The first several years of my life were lived a few yards from the thundering Atlantic ocean on Beach 129th Street in Rockaway Beach, Queens. Wildlife came by way of seagull, pigeon, the occasional crab and sometime dolphin. The rest remained under the surface of the sea. At 18 I moved to Manhattan and spent the next 21 years living apartment life. Dogs were on leashes except in dog parks. Cats were indoors except for those being rescued by an animal rescue organization. Rats were poisoned and mice met their fate in a snap trap. Even those animals living in the Central Park Zoo lived the city life, returning to their comfy indoor shelters at night. In the city it is light even when it is night. There are no darkened streets. When it snows the plows and neighbors armed with shovels begin removing it before it is over. And when the snowfall has ended big snow melters are used to melt the large snow piles on the corner. When it is hot the AC blows from every business and apartment building door. You need sweaters for August shopping trips. Even the subway cars seem chilly after a long mid-July ride.
In other words, I have not spent much of my life in nature. Or even suburban nature. As such, there are some stories to share. Here I give you two.
Each December, just before Christmas, my children’s school erects a stable. It is small, with only a back wall and 2 half walls and a roof that really is the width of the awning outside Left Bank Books in the West Village. (Anyone who has ever sought shelter under that awning in a rainfall or snowstorm quickly discovers it is useless.) Then a bunch of stable animals arrive, a goat, some sheep, a donkey. It is all in preparation for Christmas and the quite lovely live Nativity the children put on during an evening of caroling.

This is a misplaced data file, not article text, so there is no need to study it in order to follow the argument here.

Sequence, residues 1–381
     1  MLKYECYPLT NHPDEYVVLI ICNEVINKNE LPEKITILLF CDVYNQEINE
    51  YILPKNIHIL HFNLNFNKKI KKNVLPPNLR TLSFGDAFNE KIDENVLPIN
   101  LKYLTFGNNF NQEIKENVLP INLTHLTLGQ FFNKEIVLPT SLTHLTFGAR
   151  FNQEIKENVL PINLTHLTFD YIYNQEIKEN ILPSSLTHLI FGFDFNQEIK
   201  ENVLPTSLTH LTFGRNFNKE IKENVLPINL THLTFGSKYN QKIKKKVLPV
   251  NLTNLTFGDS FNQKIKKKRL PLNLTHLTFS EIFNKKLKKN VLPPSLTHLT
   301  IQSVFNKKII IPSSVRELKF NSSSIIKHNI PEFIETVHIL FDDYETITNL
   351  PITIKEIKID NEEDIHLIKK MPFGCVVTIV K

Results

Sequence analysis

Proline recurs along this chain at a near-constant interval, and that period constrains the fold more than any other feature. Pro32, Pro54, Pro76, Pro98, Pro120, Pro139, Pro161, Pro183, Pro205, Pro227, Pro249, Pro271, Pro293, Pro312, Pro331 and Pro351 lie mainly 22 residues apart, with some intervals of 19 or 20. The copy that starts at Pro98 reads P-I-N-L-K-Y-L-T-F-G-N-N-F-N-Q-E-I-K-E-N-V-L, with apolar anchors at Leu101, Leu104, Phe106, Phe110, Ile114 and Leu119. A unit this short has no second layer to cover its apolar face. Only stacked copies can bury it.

Well, I pull up one blustery morning with cold rain falling and flurries on the way. I see the animals standing there and can’t decide if they are bored or freezing. And then I realize that the office probably doesn’t know it is raining and windy. So I march into school and announce to the secretary “It’s raining and flurries are on the way! Would you like help putting the animals away?”
The whole office went silent. “Excuse me?” the secretary asked. “I’m not sure where you put them, but I’m happy to help get them inside.” I say, thinking they didn’t really hear me or were perhaps stunned that a city girl like myself would be so willing to handle the farm animals. Then she and the other secretary and some women I hadn’t met yet began laughing.
I learned then that they stay outside. Under that awful half roof next to the sorry bale of hay. And they are apparently very happy about it (if not bored) and are not at all freezing to death. As I left I stopped by their double fenced pen and whispered “The animals get indoor houses in Central Park.” I’m pretty sure the donkey thought I was an ass.
Everyone who has never lived in New York City thinks those that live there must be very familiar with crime. I enjoy stating that I have lived in every borough other than Staten Island and very rarely witnessed crime at all. I was never mugged (knock on wood) and pretty much just skated by. I figure people either knew I had nothing or thought I was too crazy to bother with. Either way, I came out of my nearly whole life of city living quite unscathed.
You can imagine my dismay driving through my sister’s Jersey Shore neighborhood in early December to see nothing but one slaughtered Christmas lawn ornament after another. Just the night before they were all lit up and inflated, bobbing in the wind, looking like those punching bags you can’t knock over. One neighbor’s lawn featured Santa going down the chimney. Another a snowman. And several had penguins and reindeer and even a Snoopy & Woodstock display that took up much of the property.
But today, they all lay there, crumpled up and splayed out. And I was aghast. Who would do such a thing in this neighborhood? Clearly these suburban children have way too much time on their hands. Teenagers in NYC are still trying to figure out the subway and 2 bus routes to class each day coupled with getting past the metal detector when you have you ear, nose and throat pierced. City kids would never run around slaughtering Christmas decorations! What is wrong with these kids? Don’t they know their neighbors own guns?!
I got to my sister’s house and promptly announced the mass slaughter to her police officer neighbor who I saw had his own Frosty slaughtered as well. “I can’t believe it!” I exclaimed. At this he responded by plugging in Frosty. Which promptly shot up and began dancing in the breeze. “No one slashed the decorations, Alison. We just unplug them during the day.” I believe he thought of me the same as the donkey. What an ass!